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ON THE 16TH AUGUST 2018, PULL HOSTED THE FIRST OF IT’S THOUGHT-PROVOKING BUSINESS OF BRAND SERIES INTO THE IMPORTANCE OF BRAND. THIS INTIMATE ROUNDTABLE FOR SENIOR MARKETERS AND BUSINESS LEADERS DISCUSSED THIS ‘SECRET WEAPON’ IN THE BATTLE FOR BUSINESS PERFORMANCE.

We’ve seen over the years, time and again, companies abandon this tool for other marketing activities without addressing what we consider to be their most important marketing asset – their brand! Inspired by an article written by Tom Roach, Managing Partner at BBH, we decided to see if we could get to the bottom of why. Tom’s article ‘Fwd to CEO: The Most Valuable Business Tool Ever Invented’, addressed the need to consider brand as a key driver for success – the ‘secret weapon’ in the battle for business performance. But therein lies the challenge, and the reason Tom wrote so eloquently in addressing his frustration.

Business of Brand

The Business of Brand round table allowed us to contemplate key themes around brand purpose, creating an experience with brand, the role of consumers as brand advocates and if brand really matter in the B2B environment?

This got us fired up. With the benefit of more years’ experience that I care to admit, I am totally convinced that the work we are doing on a day-to-day basis, expanding upon the brand strategies that our fantastic team at Pull develop, and refreshing or reimagining visual identities, absolutely makes a difference both internally and externally for our clients. We’ve seen first-hand how it can transform business and deliver success, changing minds, winning new fans and reinvigorating the workforce to name just a few benefits. Indeed, I’ve lectured to students about the power of design to make or break business and effect opinion! But it’s not enough that we believe that. We of course want businesses to recognise and value the power of their brand.

The sad truth is that many business and financial leaders don’t appreciate brand or the benefits it can bring. Not CMO’s though! A report by the Chartered Institute of Marketing stated that ‘67% of marketers thought their senior leaders didn’t get brand’. And the Journal of Brand Management went a step further by suggesting that ‘together in about 86% of firms there is some form of resistance to placing brand at the centre of their strategy’. Why is that? Well for one thing it can be challenging to prove.

Tom’s answer was to drop the ‘creative language’ and talk facts and figures, sighting some clear statistics that draw parallels between business success and brand investment. But many of his examples focussed on large corporations quoted on the stock exchange.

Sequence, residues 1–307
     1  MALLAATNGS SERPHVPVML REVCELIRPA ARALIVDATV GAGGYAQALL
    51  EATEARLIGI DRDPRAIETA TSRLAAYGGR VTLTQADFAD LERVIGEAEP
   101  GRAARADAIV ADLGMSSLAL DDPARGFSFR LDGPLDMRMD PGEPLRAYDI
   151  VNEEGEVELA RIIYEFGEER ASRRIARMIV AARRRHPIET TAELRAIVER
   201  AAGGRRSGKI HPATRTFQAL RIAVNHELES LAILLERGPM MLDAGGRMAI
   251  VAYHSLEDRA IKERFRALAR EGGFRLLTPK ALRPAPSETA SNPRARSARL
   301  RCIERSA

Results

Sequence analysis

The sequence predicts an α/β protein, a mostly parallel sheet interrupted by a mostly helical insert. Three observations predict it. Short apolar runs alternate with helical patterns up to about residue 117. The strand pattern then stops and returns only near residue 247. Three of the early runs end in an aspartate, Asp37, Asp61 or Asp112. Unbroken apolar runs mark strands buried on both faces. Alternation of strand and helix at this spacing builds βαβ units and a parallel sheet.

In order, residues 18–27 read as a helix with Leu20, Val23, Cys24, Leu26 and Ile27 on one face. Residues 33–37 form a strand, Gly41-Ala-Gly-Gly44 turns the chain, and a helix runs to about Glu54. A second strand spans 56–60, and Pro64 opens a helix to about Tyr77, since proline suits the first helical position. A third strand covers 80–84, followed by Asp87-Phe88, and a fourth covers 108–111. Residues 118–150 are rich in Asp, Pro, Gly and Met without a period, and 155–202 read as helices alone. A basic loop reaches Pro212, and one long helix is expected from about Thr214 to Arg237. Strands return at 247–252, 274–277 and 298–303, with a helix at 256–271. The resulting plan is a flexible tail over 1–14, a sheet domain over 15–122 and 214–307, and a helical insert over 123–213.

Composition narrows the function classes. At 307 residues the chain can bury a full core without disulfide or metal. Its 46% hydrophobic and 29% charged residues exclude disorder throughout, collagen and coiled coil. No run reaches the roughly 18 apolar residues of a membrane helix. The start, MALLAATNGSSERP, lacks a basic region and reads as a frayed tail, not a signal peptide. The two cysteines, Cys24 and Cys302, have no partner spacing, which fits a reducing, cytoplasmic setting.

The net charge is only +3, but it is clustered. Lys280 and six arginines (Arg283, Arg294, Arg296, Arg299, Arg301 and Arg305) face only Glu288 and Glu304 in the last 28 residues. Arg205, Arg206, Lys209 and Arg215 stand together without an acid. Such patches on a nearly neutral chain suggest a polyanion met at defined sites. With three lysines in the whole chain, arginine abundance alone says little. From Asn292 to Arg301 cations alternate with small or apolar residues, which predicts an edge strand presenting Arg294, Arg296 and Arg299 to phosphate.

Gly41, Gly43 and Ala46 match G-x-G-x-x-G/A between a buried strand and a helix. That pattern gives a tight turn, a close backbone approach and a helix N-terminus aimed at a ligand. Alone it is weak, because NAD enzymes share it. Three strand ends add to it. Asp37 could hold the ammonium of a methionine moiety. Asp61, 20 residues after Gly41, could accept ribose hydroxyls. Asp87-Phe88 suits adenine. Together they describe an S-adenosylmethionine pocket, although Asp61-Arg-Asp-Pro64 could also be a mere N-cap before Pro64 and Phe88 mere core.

Marketers are up against a huge challenge in the face of leaders who are obsessed with performance marketing and a short-termist approach. It’s understandable. Pressure is huge across the board to deliver results fast and validate the business model, and as such the appetite to play the long game seems to be waning.

It starts with defining what success looks like. Is it as simple as sales? Ultimately, it must play a part – let’s be honest, that’s the end game for any investment or activity undertaken by an organisation and certainly the ROI that the CFO is looking for. But then there are many more challenging concepts to consider; reputation, sentiment, awareness, recall etc. Digital activities are of course easier to reflect through analytics, but they don’t tell the whole story and it’s clear these other concepts are drivers to purchase and ultimately business performance.

One thing is clear though, as reported by Willie Shoeman from North-West University, ‘until accountants reflect brand value on the balance sheet, CFO’s won’t take it seriously’. What if you could you measure ‘brand purpose equity’? If you could you’d be measuring something that’s immensely powerful. As an agency, when we’re trying to convince a client to architect a meaningful brand, yet they don’t believe in it, where can you go? Imagine being able to prove to them they have a negative purpose equity!

Ultimately, we need to find a way to show business leaders that a long-term strategy and investment in brand is where the wise money is spent. Not in short term goals that are difficult to sustain, but in discovering and communicating authentic, believable purpose through a brand that customers are enthused by and can believe in. That’s where long-term growth lies, and where the promise of big rewards wait to be uncovered.

GET YOUR COPY OF THE REPORT

 

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